Revisiting the Mental Health Impact of the COVID-19 Pandemic and A Way Forward
Patricio V. Marquez and Toluwalola Kasali
As if foreseeing the impacts of the COVID-19 pandemic – arising from the spread of a novel coronavirus, which was first identified at the end of 2019, Ministers and high-level representatives from countries and international organizations convened in Amsterdam on October 7-8, 2019, to attend the International Conference on Mental Health and Psychosocial Support in Crisis Situations, hosted by the Dutch Minister for Foreign Trade and Development Cooperation. The Conference Declaration, "Mind the Mind," was clear in stressing the need to scale up mental health and psychosocial support services during and after emergencies to support individuals, families, and communities across a continuum of care.
Nowhere is this truer, or more revelatory and applicable, than amidst the COVID-19 pandemic. While the pandemic is unfolding as the largest public health crisis in our lifetime, with a toll, as of mid-April 2021, of more than 140 million confirmed cases and 3 million deaths, the necessary quarantines and social distancing practices adopted by countries to contain the pandemic put the world in a "Great Lockdown." Data and information from across the world provide ample evidence that this crisis and the consequent lockdown has negatively affected many people's mental health and hindered access to services for people already suffering from mental illness and substance use disorders. The loss of loved ones, stress about contracting the COVID-19 disease, or having a family member get sick from the disease, coupled with job and income losses, school closures, and loss of childcare, are some of the ways in which the pandemic has impacted the mental well-being of people across age-groups.
Here, we revisit and present a snapshot of how this reality has manifested in some regions and countries around the world. We will also discuss why in order to achieve the goal to "build back better" in the post-COVID-19 period, the common practice of relegating "mental health" to the margins of the health and development agendas has to end.
The impact on youth in Africa and South America
The impact of the pandemic has been severe on children and adolescents worldwide, upending their daily routine and isolating them from their social structures. For example, it disrupted education for 1.6 billion children across countries over 2020-2021. In more than 90 countries, students are being instructed through multiple modalities, with some schools open, others closed, and many offering hybrid learning options. According to World Bank Group specialists, COVID-19 related school closures are likely to increase learning poverty (the proportion of 10-year-olds unable to read a short, age-appropriate text) to as much as 63% (it was 53% in low- and middle-income countries prior to COVID-19, compared to only 9% for high-income countries).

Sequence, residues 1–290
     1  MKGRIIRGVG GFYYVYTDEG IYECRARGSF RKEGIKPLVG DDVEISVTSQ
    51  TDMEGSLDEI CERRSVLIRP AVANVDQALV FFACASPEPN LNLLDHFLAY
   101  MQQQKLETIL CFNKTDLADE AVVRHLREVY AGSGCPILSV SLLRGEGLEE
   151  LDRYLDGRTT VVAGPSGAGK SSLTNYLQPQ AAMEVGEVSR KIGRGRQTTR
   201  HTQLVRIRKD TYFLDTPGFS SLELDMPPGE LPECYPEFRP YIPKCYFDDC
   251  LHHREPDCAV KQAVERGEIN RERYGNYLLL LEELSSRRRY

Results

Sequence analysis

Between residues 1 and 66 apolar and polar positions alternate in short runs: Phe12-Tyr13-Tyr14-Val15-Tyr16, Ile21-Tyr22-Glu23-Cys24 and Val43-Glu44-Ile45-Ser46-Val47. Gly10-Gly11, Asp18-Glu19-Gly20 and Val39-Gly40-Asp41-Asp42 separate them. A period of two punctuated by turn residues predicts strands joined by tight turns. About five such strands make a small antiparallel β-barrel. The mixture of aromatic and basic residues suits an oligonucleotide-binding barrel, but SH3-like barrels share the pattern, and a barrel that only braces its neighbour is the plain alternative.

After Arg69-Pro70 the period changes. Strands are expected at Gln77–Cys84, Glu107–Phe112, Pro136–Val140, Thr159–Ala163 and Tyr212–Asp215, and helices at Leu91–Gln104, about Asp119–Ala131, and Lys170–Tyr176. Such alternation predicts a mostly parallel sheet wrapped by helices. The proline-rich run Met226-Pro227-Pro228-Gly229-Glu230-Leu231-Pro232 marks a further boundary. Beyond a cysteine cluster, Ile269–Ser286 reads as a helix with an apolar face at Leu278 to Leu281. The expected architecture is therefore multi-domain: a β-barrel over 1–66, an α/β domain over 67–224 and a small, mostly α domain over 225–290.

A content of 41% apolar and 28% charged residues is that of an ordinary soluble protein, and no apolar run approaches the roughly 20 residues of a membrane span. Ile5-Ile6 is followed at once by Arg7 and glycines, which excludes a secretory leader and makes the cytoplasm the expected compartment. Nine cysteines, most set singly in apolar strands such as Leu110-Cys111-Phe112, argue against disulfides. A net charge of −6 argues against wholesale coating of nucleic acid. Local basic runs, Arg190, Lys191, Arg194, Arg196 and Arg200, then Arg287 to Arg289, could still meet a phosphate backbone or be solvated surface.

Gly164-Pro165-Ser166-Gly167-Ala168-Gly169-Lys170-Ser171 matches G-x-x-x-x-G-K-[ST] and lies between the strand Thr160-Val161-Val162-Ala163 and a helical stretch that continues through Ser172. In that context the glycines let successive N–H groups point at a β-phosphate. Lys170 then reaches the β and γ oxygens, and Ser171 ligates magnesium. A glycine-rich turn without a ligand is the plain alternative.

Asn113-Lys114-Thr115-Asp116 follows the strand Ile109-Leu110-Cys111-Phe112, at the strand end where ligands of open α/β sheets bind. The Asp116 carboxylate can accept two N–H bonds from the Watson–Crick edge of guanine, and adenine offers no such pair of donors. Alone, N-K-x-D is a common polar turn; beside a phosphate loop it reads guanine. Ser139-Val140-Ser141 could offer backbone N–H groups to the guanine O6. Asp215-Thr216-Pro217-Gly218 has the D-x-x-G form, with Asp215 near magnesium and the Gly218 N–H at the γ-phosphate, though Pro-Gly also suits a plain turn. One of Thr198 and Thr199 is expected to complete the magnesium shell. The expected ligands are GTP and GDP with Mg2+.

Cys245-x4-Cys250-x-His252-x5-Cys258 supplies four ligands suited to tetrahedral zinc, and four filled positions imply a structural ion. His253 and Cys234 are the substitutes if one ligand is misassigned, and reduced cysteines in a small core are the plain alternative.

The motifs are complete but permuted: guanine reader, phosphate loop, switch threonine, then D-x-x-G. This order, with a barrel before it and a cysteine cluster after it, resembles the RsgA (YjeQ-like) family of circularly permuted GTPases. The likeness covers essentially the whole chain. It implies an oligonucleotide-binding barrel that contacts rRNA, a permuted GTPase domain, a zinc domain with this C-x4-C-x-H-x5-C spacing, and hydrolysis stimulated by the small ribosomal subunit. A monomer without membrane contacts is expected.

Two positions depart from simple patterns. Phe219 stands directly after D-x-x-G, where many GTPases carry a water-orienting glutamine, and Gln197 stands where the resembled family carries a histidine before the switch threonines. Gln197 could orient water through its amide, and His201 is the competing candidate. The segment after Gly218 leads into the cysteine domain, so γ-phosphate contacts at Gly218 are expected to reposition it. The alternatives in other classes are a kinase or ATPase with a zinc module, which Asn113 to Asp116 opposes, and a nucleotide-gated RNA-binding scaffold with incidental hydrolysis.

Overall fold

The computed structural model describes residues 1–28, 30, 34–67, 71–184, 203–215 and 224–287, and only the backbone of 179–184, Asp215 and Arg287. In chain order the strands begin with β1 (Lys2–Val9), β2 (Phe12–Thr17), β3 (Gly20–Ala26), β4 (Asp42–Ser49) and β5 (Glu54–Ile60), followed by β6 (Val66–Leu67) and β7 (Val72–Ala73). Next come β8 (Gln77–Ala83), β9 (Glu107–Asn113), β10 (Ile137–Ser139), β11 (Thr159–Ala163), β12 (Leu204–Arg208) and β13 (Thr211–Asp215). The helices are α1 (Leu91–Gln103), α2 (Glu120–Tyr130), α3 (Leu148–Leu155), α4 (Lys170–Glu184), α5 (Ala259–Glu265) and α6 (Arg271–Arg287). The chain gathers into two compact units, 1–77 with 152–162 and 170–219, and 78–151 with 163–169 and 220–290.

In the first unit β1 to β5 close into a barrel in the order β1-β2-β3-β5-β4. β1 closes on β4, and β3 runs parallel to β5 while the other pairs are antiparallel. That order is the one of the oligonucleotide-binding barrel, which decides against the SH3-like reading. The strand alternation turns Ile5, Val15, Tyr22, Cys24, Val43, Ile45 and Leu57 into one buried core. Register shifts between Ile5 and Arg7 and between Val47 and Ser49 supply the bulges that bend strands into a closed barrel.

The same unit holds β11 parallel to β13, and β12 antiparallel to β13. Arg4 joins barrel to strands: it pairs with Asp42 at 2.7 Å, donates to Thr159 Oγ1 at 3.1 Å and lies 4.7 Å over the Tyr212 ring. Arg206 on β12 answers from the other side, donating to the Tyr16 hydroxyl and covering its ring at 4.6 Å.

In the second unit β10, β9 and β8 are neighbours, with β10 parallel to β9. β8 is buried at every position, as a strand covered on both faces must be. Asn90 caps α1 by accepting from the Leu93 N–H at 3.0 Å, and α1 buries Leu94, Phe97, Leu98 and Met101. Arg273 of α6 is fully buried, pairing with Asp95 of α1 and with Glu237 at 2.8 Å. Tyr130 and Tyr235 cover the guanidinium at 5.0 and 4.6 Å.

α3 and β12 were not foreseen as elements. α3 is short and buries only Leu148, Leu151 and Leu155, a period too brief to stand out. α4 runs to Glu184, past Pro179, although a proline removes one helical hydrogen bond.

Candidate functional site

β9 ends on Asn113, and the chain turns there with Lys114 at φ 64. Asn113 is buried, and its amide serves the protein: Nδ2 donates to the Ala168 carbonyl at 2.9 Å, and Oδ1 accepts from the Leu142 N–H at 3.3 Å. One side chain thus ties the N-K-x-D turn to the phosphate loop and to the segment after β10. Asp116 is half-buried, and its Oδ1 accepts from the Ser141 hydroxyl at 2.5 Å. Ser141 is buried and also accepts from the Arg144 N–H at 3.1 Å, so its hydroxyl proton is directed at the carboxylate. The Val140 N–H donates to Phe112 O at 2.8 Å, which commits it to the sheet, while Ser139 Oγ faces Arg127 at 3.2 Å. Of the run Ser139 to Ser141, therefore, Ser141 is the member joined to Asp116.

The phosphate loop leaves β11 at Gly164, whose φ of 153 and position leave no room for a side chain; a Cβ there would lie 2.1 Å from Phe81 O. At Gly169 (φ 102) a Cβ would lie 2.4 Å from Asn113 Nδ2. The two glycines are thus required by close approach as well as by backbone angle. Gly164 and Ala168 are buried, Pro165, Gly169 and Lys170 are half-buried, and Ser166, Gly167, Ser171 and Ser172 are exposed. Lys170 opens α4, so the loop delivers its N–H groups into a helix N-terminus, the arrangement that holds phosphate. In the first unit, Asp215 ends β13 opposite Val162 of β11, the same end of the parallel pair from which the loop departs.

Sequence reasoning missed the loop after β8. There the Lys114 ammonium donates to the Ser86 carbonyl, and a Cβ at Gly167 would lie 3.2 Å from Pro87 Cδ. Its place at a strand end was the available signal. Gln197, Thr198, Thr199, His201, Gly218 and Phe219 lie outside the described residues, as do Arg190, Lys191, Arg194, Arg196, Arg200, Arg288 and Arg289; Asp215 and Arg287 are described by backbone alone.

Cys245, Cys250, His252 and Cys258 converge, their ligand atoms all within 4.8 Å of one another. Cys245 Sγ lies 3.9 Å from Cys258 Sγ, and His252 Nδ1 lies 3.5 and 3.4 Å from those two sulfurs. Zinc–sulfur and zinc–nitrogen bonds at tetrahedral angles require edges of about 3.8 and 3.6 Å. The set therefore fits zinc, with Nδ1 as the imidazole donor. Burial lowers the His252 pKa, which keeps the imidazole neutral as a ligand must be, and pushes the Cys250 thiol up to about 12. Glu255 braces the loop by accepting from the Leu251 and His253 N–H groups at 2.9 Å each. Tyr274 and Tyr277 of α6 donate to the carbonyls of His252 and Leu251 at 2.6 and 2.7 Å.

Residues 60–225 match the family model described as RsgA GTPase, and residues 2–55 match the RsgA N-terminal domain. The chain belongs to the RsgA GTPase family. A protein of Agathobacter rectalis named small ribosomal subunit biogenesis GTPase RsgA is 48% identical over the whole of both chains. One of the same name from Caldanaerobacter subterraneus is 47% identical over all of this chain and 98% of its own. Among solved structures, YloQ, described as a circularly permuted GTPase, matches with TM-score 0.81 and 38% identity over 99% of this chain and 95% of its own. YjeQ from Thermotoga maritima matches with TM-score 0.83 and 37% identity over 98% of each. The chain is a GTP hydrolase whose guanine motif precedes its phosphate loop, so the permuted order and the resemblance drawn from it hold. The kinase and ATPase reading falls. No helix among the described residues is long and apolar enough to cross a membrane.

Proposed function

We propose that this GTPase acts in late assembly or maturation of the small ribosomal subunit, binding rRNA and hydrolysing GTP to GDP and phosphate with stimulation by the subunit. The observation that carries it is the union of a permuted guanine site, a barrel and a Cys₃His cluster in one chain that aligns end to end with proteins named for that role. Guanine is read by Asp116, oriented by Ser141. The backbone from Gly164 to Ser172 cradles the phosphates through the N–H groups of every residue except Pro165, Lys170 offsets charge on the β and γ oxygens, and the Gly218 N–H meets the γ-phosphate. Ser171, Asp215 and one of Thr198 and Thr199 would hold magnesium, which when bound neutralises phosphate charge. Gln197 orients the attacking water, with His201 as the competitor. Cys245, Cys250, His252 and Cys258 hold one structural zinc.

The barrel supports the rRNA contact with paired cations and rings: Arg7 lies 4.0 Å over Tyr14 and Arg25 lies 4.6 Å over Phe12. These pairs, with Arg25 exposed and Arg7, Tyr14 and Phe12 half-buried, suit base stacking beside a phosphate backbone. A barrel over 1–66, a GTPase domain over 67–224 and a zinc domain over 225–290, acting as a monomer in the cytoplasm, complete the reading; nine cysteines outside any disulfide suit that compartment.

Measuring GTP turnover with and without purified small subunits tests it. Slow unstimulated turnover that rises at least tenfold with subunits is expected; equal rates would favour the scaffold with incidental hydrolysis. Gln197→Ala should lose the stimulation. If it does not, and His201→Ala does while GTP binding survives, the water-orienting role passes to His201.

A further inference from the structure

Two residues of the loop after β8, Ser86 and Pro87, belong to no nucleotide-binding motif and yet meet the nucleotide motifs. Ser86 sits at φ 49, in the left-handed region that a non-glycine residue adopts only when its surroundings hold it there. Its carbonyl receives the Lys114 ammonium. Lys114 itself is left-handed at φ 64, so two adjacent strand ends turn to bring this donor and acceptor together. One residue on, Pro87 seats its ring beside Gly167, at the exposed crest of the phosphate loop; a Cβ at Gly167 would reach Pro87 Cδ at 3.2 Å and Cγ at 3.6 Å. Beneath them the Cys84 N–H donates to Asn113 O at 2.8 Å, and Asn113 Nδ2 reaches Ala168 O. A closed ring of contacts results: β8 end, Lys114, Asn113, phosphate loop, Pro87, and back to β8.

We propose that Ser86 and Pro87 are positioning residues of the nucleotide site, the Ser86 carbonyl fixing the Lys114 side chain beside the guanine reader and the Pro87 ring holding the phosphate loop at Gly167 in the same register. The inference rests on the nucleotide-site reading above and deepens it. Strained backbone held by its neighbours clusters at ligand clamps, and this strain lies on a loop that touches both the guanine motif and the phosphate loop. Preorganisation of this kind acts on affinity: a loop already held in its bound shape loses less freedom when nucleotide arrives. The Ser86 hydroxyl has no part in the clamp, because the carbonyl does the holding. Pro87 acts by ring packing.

In Africa, the varying degree of restrictions imposed by governments to curb the spread of the virus, reduce the risk of COVID-19 disease severity and death, including school and university closures, limits on social gatherings, and closure of non-essential services, have led to increased levels of stress, anxiety, and depression. The restrictions are likely to have had a greater effect on young people, who make up about 60 percent of Africa's population. This is because it exacerbates pressures in a region where young people are already struggling with disruptions in completing their education, unemployment in highly competitive labour markets, and uncertainty in the informal sector where the majority of African youth earn their living.
As a result, the demand for mental health services by young people across Africa is on the rise, and mental health advocates like the Mentally Aware Initiative in Nigeria, Waves for Change in South Africa, and StrongMinds in Uganda are using innovative solutions to offer counselling and support. "We saw a 70 percent increase in the number of people reaching out for help at the start of the pandemic.", said Jolade Phillips, communications lead at Mentally Aware Nigeria. In South Africa, where one of the world's strictest nationwide lockdowns was imposed due to the high number of COVID-19 cases, a report by the Southern Africa Labour and Development Research unit showed a prevalence of depressive symptoms of 72% among the young participants aged between 18 and 35.
In terms of substance use, evidence from the World Drug Report 2020 shows that non-medical use of synthetic opioids like tramadol (a narcotic-like pain reliever) fuels public health crises in West, Central, and North Africa. A report indicates that the ease of access to cheap opioids has increased its use among African youths due to prevailing socio-economic situations that COVID-19 has aggravated.
As lockdown rules are being relaxed across Africa and with low vaccination roll-out, some young people are experiencing moral fatigue. Explaining this term, Kareem, a 24-year-old consultant in Nigeria, said, "Some friends suffered from moral fatigue arising from socially distancing and staying away from groups of people in order to protect their loved ones even after the lockdown was lifted due to individual or family vulnerabilities." Moral fatigue is harder because it requires subjective decisions, especially while other friends can enjoy themselves without that burden, he said.